Published here with permission from The MOORE REPORT INTERNATIONAL - March/April
The Moore Foundation,
Box 1, Camas,
Questions and Answers
"What Do We Do After We Have Killed Our Daughter's Love For Learning?"
by Ellen Dana
Q. I just finished reading The Successful Homeschool Family Handbook. I checked
it out of our local library and it has changed my heart like no other book on the subject.
I only wish I would have read it and believed it three years ago when we started homeschooling
our daughter, age 6 at the time. She started off loving it, but now she doesn't seem to be
Now I understand that we pushed her when she wasn't ready and that has killed her
enthusiasm. We have been using Alpha-Omega for Math and Language Arts since kindergarten and
we have added A Beka's science, history and health curriculum as well, doing academics about
3-4 hours daily Tues-Fri. Mondays we belong to a homeschool fine arts group where she learns
drawing, musical bells and recorder. She really likes it but ends up very tired because she
starts at 9 AM and doesn't get any break until noon.
She loves to read books on many subjects and reads better than most 10 or 11 year-olds,
but math is a different story. She absolutely hates it. I guess I just kept hoping she would
get it if we did it enough.
Obviously, it isn't working! How do we back track now that we've managed to kill
our daughter's love for learning?
A. Children are amazingly resilient; they bounce back from bad experiences when
given space and time to heal. Nurture your daughter with hands-on learning, teaching her household
skills, and reading to her. Establish a close bond with her while going on field trips, nature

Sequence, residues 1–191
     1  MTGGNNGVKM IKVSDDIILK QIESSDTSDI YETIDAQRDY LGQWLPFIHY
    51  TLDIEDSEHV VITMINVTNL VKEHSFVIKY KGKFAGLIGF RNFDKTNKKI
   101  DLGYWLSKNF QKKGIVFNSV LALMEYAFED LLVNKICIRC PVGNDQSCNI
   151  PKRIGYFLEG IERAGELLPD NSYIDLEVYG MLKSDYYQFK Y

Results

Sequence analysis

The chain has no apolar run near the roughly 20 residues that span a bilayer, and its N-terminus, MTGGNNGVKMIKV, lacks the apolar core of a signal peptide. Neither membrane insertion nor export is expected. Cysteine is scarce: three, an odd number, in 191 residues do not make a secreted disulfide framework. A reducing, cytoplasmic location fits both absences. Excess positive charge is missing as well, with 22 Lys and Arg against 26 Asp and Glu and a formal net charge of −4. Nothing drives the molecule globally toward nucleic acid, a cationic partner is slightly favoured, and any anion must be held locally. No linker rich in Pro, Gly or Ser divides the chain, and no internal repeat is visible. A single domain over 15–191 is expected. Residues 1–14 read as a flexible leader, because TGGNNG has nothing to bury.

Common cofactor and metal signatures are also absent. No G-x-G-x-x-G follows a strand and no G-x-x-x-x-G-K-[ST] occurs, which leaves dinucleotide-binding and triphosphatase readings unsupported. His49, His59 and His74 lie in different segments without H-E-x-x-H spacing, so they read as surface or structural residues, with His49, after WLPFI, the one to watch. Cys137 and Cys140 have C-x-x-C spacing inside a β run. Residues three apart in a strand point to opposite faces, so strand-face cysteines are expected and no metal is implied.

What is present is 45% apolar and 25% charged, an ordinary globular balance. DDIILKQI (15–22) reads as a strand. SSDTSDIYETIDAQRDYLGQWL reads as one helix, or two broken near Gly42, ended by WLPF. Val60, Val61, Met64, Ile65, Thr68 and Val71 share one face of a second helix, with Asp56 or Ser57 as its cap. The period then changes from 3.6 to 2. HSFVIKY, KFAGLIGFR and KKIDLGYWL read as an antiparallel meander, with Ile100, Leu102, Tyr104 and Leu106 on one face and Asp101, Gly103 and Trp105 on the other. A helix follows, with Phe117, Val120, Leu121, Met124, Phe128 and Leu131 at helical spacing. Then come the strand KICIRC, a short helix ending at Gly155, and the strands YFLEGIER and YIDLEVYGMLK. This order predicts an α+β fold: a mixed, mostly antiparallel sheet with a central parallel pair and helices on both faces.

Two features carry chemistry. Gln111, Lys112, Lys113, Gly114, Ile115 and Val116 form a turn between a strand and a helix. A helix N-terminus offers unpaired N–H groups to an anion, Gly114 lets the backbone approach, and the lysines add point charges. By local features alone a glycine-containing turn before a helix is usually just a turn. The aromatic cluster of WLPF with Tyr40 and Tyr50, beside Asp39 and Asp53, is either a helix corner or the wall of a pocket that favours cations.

walks and overnight camping trips.
For math allow your daughter to heal from burnout, then play Math-it as a game.
See how she responds to the activity. If she likes it, do a little more two days later, etc.
If there is resistance, study design in God's creation. (Yes, that's math!) Make a scrapbook
of design in nature pictures. Fun!
For Language Arts your daughter is too young for Winston Grammar; it's better for
grades 7-9. If what you have is working continue using it, but be sure the length of time is
short -- maybe 15 minutes. Have oral language some days rather than written!
If you're reading some biographies, you're having history. Check the timeline for
their life span, plot their home on the globe, etc. Make it educational. Don't skip science;
it's so much fun for this age. Get an easy book like Science Activities, Volume 1, 2 or 3 from
our catalog and do them several times a week. By all means, begin your day with Bible. Tell
the stories, then the next day let her retell the story from the day before. If you get the
Bible Felt Set, let her use felts to tell the story. It is then oral language -- so good for
her to do for younger children.
Remember that the knowledge and information that a child is eager to have centers
on the world around us, how people live and how things work. Go to places like museums, construct
things like long ago people did and watch the enthusiasm return. Get the focus off the skill
subjects (math and reading) for the time being.
An hour and 1/2 is plenty for a day for an 8 or 9-year-old child. Even then, it
shouldn't be all in one block of time. Have devotions, tell a Bible story, or let her review
a story you told before (15 minutes), sing a song to go with it and you've had Bible, Social
Studies, oral Language and Music that day! Let her help you load the washer, or do a kitchen
project for 1/2 hour or so, then do a science experiment. Let her help get lunch or make granola
for tomorrow, measuring the ingredients. Now you've had math and cooking and/or science.
In the afternoon keep her busy for another hour with cooking or baking, shopping
or cleaning, visiting a neighbor who needs her house cleaned because she is ill, etc. then
some free time to play whatever she would like and you have a relaxed but fulfilled day.
For additional help, please see our catalog where The Moore Formula Manual is listed.
It will help you with more ideas of how to conduct your homeschool. If that is not sufficient
help, you can enroll a child and have your own educational counselor to assist you.